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Application of atmospheric pressure plasma for comfort properties and imparting functional properties to PP and PET fabrics
By Pooja M. Shah, Iceland
Guide Name : Dr. H. D. Joshi
Institute :MANTRA
Area of Research : Industrial Textiles (Plasma treatment)
Application of atmospheric pressure plasma for comfort properties and   imparting functional properties to PP and PET fabrics

When a sufficiently large voltage is applied across a gap containing a gas or a gaseous mixture, it will break down and conduct electricity. The electrically neutral atoms or molecules of the gas split into negatively charged electrons and positively charged ions. The nature of the break down and the voltage at which this occurs varies with the gaseous species, gas pressure, gas flow rate, nature of the materials, separation distance of the electrodes, voltage supply and electrical circuitry. The resulting ionized gas is often called a discharge or plasma. Plasma used in textiles processing vary considerably but are usually only partially ionized gases containing electrons, ions and neutral atoms and or molecules. The inter-actions of the electrically charged particles with each other, with the neutral gas and with contact surfaces produce the unique physical and chemical properties of the plasma environment. The environment is distinct from that found in solids, liquids or gases; hence plasmas are sometimes called the fourth state of matter. A gas becomes plasma when the kinetic energy of the gas particles rises to equal the ionization energy of the gas. When this level is reached collisions of the gas particles cause a rapid cascading ionization resulting in plasma. When the neutral molecules of a gas are energized e.g. by exposing to high electric field, to a point when some electrons become free and the gas turns into a mixture of electrons, ionized atoms and molecules, photons and residual neutral species. In this state it behaves as a chemically active species and there is likelihood of surface interaction with organic substrates.


Atmospheric pressure plasma (APP) treatment of a textile surface can be employed to impart    functional properties to the textile surface. Plasma treatment with non-polymerizing gases     results in better wettability, hydrophilicity and adhesion. Some of the Polypropylene (4   varieties) and Polyester (Polyethylene terephthalate – 4 varieties) were treated with air,             oxygen             and helium – APP. The plasma treated fabrics were observed under the SEM to            gauge the              effect of plasma treatment. It was found that oxygen-APP did not show significant surface          modifications. Hence all the fabrics were given air and helium – APP treatment. This initial        plasma treatment was carried out at WRA on small samples (20 cm x 15 cm). After the     Continuous Plasma Treatment machine was installed at MANTRA, 2 varieties each    of PP    and PET were given air-APP treatment to continuous length of fabric (10m). The time    duration of plasma treatment was varied (5 min, 10 min and 15 min).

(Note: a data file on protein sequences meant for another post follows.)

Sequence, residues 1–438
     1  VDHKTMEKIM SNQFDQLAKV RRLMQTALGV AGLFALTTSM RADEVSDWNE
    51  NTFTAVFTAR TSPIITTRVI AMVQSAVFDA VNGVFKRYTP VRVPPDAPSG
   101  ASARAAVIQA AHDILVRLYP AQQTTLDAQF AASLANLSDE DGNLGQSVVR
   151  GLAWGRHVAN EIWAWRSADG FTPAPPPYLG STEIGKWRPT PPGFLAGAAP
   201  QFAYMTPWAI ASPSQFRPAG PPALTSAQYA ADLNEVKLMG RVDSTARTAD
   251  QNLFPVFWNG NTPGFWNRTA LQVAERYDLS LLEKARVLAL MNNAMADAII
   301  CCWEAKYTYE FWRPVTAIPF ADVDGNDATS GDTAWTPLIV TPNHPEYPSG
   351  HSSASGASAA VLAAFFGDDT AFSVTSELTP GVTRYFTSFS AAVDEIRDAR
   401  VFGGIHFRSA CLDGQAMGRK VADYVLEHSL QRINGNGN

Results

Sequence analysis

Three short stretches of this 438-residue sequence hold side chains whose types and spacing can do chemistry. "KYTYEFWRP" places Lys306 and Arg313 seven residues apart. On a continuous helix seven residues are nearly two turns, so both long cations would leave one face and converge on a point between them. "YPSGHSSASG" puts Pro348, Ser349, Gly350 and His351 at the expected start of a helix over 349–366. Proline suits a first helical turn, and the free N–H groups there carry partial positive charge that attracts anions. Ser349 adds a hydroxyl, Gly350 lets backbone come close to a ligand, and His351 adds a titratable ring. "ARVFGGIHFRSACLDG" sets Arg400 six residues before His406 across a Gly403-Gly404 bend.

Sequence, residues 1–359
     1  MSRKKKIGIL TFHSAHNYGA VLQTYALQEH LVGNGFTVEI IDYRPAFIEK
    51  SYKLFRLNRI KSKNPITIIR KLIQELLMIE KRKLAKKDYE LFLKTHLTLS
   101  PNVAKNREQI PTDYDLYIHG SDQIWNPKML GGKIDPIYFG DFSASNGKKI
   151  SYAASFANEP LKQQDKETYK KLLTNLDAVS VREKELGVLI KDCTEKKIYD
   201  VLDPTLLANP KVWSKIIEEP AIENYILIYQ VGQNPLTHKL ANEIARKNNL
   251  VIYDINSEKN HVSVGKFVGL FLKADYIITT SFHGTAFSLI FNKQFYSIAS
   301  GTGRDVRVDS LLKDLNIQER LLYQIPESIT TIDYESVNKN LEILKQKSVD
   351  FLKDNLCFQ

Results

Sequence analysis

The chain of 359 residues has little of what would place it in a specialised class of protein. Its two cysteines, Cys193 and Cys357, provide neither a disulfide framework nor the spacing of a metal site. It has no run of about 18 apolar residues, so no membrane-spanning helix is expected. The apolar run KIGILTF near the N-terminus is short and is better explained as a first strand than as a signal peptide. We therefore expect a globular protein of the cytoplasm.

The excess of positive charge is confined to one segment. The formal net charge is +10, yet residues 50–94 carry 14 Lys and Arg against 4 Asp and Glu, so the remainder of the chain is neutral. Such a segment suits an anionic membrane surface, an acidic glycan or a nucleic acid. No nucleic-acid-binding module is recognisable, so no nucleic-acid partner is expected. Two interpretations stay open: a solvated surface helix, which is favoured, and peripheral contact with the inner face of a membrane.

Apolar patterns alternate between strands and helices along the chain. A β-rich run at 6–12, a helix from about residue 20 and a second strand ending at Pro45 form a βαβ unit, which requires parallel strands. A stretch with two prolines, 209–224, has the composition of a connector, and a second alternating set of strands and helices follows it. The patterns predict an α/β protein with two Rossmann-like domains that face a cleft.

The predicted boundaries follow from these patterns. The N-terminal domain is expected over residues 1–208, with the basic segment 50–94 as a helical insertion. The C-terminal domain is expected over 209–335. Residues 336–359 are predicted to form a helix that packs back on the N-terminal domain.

Maximum effective plasma treatment was observed for continuous air-APP for 15 min (SEM images).

The air APP and helium-APP treated samples were tested for certain properties to evaluate the effect of plasma treatment. These properties indicate the changes in surface properties such as wettability, hydrophilicity, adhesion. APP treatment affects not only the mechanical properties but also the air permeability, thermal properties and water vapor permeability of PP and PET fabrics.

The contact angle values of PP and PET fabrics decreased after plasma treatment while the capillary rise (LAC, Liquid absorption) also increased. This is an indicator of increased hydrophilicity of PP and PET fabrics. There is a slight decrease in air permeability of the APP treated samples which means that plasma treated fabrics have poorer air permeability as compared to untreated             

The atmospheric pressure plasma treatment (air) given to polypropylene and polyester fabrics has resulted in changes in surface morphology which has also affected, some comfort related fabric properties. The changes in liquid absorption and transfer properties (increased liquid absorption) will definitely enhance comfort properties. Continuous Air APP treatment at 3-5 kV for 15 mins gives optimum results with respect to liquid transfer properties. The decreased air permeability of plasma treated fabrics and        thermal insulation clo-values indicate that the plasma treated fabrics have good insulation properties. Air plasma treatment reduces the contact angle which also gives improves wettability of the treated fabrics.

Printing properties of APP treated fabrics were studied and it was found that plasma treatment improves the uptake of colour of printed fabrics. The uptake of colour in the dyeing process is not significantly affected by plasma treatment. Visual observation and comparison of the printed shades (plasma treated and untreated) shows the significant difference in uptake of colour. This is supported by K/S data.


Cost economic study of plasma treatment process also shows its viability for industrial application i.e. from initial investment, operational costs are at par with other textile processes. This makes it a viable option for large-scale application to improve fabric functional properties.

Plasma treatment of textile fabrics is a clean, green process which does not involve the use of chemicals and water. Plasma treatment thus has great potential for application to textiles.

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